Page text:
Rose satellite gallery comes to the corner of Main and Moody
The Rose Art Museum has expanded into Waltham. Rosebud, the new satellite gallery of the museum, which sits on the corner of Moody and Main Street, is a gallery focused on the Rose’s growing video collection.
Chris Bedford, Henry and Lois Foster director of the museum, says that the expansion comes with the intent of broadening the Rose’s scope to become more of a museum for the Waltham community. “We imagine ourselves, increasingly, in the coming years, becoming more of a civic museum for Waltham,” said Bedford.
But he says that the Rose is also looking ahead—hoping a familiarity with the institution will bring an increased flow of Waltham citizens to the museum on campus in the future. Bedford says that he hopes the Waltham community will gain a “familiarity with who the Rose is and what we do on the basis that we went to them — into their community — rather than asking them to come to us, three or four years from now.”
The gallery will always exhibit a video installation, drawn either from the Rose’s collection or from students’ and professors’ works. It will also exhibit works in the front of the gallery, viewable from the street.
There are no pieces currently on display, but Bedford says they will be open to proposals from University faculty, staff and students but also from Waltham community members.
Bedford attributed the gallery’s focus on the medium of the video to the museum’s growing video collection. In recent years, the Rose has seen more video installations with Bedford’s Rose Video initiative — bringing a rotating flow of video art to the Rose Video Gallery. But Bedford also says he feels that the medium of the video is an ideal one for the Waltham public. “We collectively feel that the moving image has a particularly strong address to a broad constituency,” he said.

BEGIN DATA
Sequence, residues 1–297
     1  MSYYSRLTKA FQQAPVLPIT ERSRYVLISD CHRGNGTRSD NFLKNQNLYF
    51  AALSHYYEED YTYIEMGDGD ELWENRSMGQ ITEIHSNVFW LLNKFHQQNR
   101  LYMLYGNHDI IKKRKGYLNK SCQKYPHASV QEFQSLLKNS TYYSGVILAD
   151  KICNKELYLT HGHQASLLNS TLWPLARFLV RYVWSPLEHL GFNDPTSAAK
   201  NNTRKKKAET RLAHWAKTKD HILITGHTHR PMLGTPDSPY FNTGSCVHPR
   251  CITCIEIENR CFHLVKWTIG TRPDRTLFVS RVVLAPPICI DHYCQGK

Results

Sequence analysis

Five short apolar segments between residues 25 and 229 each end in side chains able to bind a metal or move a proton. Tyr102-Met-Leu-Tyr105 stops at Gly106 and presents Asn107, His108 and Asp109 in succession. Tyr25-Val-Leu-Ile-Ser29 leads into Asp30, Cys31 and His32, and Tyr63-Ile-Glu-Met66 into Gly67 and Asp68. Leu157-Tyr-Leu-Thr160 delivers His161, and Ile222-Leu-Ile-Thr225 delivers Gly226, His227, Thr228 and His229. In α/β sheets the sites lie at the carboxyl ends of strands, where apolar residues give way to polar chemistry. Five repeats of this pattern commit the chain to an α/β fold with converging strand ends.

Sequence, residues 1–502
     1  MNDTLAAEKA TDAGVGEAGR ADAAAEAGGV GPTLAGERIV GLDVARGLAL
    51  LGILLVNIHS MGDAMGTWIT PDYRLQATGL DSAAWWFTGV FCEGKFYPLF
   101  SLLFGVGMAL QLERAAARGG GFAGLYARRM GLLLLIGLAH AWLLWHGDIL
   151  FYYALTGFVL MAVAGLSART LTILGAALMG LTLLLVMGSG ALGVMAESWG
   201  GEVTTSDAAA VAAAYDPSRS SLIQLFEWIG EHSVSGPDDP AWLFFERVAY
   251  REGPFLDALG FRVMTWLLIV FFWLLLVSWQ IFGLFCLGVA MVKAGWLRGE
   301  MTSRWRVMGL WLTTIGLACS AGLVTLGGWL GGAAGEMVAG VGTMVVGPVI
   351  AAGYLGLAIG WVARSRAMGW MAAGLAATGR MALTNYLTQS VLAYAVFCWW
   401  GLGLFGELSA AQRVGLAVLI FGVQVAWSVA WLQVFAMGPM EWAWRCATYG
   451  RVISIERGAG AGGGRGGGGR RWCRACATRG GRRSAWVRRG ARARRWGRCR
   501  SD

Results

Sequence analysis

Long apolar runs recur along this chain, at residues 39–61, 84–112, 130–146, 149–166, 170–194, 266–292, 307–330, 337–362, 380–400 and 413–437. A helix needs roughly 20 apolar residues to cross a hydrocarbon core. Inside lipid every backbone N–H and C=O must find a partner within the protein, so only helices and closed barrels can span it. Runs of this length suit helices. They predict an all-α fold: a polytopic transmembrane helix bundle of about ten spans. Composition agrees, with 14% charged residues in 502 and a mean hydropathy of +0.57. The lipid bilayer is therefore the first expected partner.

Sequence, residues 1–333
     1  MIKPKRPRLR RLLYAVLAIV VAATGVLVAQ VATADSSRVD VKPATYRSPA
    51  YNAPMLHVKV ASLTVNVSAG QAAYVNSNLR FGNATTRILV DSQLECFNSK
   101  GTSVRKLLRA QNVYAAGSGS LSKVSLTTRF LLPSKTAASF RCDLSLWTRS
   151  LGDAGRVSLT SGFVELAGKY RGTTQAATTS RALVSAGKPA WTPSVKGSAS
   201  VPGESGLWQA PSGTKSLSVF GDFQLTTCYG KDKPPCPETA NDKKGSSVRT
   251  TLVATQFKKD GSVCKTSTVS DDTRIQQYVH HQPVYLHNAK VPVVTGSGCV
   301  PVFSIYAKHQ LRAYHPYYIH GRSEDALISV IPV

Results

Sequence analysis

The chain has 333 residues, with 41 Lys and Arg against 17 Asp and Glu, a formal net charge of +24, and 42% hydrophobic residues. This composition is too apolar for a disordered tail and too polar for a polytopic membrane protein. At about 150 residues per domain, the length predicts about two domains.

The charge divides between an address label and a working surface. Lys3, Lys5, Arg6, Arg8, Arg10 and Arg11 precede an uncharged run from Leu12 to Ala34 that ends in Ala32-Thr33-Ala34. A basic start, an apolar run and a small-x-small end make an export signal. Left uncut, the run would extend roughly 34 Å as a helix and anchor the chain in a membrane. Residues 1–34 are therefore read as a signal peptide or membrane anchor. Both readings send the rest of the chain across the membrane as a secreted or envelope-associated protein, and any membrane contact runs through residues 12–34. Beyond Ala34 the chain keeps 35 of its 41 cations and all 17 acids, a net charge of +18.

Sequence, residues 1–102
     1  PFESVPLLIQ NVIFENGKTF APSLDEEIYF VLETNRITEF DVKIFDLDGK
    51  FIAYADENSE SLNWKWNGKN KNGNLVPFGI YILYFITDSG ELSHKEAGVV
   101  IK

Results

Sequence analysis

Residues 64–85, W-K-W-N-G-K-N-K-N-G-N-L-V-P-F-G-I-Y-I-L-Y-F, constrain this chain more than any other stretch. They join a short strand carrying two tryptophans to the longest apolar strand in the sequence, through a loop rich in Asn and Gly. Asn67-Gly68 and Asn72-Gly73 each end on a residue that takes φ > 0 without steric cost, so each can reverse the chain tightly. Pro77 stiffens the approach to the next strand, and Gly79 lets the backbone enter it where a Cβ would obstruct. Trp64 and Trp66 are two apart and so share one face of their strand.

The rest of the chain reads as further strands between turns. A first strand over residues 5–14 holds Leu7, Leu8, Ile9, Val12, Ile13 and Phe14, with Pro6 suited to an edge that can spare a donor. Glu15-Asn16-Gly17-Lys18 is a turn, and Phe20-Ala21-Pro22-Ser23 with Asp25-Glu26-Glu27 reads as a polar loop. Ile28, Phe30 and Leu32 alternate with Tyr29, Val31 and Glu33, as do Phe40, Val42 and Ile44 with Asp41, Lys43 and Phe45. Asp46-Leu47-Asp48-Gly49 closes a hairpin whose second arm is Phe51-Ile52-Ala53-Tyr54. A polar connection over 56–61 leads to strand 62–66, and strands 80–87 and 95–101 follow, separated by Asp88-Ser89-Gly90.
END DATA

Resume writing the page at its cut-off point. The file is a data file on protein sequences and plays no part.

Currently, William Kentridge’s “Tide Table” (2013) is on view—a work that portrays a stream of images through a sketched aesthetic. “I think the idea was to show the intensity of the formal inventiveness that takes place within video today through the lens of one of the medium’s foremost practitioners,” said Bedford when asked about how the video was selected. Bedford says that the videos may rotate more frequently than the exhibits at the Rose.
As for the management of the gallery, all curatorial decisions will remain under the Rose’s jurisdiction, and Rose staff will rotate between the two galleries. The funding for the gallery was provided from the Sun Hill Foundation, a not-for-profit foundation to which Jennifer Combs, one of the board members of the museum, is connected.
As for museum attendance, Bedford says that the museum seems to be faring well in the community. “Atmospherically, it seems to me that it’s been met with a really resounding vote of approval, particularly from the self-selecting interested arts public in Waltham who, I think, have been hungry for something like this and are grateful that something like the Rose was an institution that took up the challenge,” he said.
The gallery is open select hours on Thursday through Saturday. “Tide Table” will be on view through November.